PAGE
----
Combat Pneumococcal Infections: Adhesins as Candidates for Protein- Based Vaccine Development
Gustavo Gamez and Sven Hammerschmidt
Affiliation: Department Genetics of Microorganisms, Interfaculty Institute for Genetics and Functional Genomics, Ernst Moritz Arndt Universität Greifswald, Friedrich-Ludwig-Jahn-Strasse 15a, D-17487 Greifswald, Germany.
Keywords: Pneumococci, adhesins, vaccines, virulence factors, pathogenesis, antibiotic resistance, invasion, envasion, TNFs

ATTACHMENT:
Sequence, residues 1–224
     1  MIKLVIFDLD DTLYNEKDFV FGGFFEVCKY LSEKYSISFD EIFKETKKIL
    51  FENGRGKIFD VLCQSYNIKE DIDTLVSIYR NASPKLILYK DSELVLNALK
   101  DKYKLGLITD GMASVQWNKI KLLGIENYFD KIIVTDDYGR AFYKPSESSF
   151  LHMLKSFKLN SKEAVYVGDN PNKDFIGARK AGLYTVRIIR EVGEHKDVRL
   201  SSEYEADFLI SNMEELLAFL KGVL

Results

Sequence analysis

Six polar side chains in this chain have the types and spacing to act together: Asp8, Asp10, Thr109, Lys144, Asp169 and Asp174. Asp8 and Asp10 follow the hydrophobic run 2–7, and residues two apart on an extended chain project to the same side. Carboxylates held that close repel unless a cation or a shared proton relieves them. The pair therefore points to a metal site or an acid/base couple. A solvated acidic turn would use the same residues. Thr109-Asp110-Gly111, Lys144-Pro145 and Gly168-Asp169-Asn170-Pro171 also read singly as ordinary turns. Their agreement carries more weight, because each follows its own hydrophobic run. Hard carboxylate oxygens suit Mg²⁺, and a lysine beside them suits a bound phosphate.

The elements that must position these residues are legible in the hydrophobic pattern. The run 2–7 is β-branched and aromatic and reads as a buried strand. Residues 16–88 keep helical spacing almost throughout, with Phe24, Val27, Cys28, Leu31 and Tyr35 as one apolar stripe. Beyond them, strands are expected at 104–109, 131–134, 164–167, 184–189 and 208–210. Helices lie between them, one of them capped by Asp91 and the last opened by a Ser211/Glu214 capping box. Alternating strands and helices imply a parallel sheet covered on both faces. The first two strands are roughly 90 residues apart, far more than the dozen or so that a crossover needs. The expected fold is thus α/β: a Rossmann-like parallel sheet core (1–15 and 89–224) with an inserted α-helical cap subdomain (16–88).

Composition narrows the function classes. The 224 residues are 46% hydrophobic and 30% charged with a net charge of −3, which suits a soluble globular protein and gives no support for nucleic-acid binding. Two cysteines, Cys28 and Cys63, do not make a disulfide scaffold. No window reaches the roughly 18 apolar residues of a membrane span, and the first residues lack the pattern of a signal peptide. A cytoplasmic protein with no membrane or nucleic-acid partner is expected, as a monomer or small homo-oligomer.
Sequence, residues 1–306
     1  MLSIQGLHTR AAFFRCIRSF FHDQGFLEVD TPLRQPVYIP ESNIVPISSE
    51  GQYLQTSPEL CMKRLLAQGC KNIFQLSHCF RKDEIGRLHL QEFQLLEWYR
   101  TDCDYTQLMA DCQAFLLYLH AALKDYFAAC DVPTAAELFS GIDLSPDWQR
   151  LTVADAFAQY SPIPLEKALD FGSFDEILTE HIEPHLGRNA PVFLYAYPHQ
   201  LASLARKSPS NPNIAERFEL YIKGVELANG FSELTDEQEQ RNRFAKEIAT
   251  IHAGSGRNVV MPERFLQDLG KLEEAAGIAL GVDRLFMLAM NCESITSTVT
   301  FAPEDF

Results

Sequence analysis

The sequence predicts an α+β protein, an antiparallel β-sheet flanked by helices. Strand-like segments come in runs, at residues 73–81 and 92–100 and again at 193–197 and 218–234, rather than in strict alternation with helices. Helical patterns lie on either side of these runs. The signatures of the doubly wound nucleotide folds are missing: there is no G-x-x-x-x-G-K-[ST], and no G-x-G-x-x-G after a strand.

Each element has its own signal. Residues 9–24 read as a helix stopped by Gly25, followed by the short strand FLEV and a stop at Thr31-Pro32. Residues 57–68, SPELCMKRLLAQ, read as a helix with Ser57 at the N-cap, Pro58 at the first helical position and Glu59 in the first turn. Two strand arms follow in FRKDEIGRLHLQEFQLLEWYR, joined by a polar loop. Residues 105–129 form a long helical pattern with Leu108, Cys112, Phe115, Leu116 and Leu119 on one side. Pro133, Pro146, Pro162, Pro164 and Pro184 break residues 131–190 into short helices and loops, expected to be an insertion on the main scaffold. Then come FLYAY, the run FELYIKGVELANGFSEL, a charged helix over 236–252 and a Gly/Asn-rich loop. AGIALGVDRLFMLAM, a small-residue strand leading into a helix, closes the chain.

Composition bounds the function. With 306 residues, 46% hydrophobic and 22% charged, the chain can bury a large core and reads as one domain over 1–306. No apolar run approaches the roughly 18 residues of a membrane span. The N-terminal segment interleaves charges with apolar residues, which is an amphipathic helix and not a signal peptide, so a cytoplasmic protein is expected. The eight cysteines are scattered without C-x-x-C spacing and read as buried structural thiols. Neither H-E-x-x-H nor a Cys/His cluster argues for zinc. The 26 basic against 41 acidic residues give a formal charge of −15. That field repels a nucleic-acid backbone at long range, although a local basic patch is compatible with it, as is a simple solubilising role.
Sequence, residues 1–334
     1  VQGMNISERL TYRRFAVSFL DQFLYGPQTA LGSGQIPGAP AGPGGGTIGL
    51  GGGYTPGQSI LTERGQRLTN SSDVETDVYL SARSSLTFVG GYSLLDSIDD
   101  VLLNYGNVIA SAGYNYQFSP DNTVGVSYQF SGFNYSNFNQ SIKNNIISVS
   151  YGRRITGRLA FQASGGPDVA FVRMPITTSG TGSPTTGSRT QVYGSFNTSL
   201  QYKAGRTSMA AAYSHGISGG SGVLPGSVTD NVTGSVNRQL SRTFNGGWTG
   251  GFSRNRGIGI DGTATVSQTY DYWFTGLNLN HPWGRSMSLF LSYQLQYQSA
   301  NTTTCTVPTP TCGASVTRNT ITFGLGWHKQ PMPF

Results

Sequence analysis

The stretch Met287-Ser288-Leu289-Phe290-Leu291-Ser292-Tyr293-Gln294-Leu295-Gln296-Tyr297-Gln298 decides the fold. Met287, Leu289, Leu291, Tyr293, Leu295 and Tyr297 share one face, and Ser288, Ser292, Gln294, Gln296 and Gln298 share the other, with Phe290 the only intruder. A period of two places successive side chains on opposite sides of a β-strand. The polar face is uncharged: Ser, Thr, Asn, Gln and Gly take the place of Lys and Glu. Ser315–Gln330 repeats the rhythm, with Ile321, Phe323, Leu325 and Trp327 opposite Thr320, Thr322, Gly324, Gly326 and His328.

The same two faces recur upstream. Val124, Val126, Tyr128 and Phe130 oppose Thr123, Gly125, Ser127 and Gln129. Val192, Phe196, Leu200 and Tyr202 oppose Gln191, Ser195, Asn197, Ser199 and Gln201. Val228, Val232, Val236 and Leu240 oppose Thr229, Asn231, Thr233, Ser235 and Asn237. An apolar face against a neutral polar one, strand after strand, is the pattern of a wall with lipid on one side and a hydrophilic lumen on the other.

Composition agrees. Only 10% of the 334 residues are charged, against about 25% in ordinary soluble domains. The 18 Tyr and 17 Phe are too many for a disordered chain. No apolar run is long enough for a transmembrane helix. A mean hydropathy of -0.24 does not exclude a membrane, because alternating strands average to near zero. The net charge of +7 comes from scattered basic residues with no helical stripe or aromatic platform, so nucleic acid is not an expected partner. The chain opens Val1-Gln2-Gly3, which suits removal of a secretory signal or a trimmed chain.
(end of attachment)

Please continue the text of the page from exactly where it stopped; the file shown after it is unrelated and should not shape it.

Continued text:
Streptococcus pneumoniae (pneumococcus) is an asymptomatic colonizer of the upper respiratory tract in humans. However, these apparently harmless bacteria have also a high virulence potential and are known as the etiologic agent of respiratory and life-threatening invasive diseases. Dissemination of pneumococci from the nasopharynx into the lungs or bloodstream leads to community-acquired pneumonia, septicaemia and meningitis. Traditionally, pneumococcal diseases are treated with antibiotics and prevented with polysaccharide-based vaccines. However, due to the dramatic increase in antibiotic resistance and limitations of the current available vaccines, the burden of diseases remains high. Thus, combating pneumococcal transmission and infections has emphasized the need for a new generation of proteinbased vaccines. Interactions of pneumococci with soluble host proteins or cellular receptors are crucial for adherence, colonization, transmigration of host barriers and immune evasion. Therefore, surface-exposed proteins involved in these pathogenic processes and virtually expressed by all pneumococcal strains and serotypes are the prime potential targets for an immunogenic and highly protective pneumococcal-derived carrier protein of a vaccine. In this review, we will address the state of the art in deciphering, i). the conservation, distribution and pathogenic role of recently discovered pneumococcal adhesins in colonization and invasive diseases, ii). the interactions of these virulence factors with hostproteins and receptors, iii). the subversion of the host immune and cellular responses, and iv). the potential of pneumococcal adhesins as vaccine candidates.
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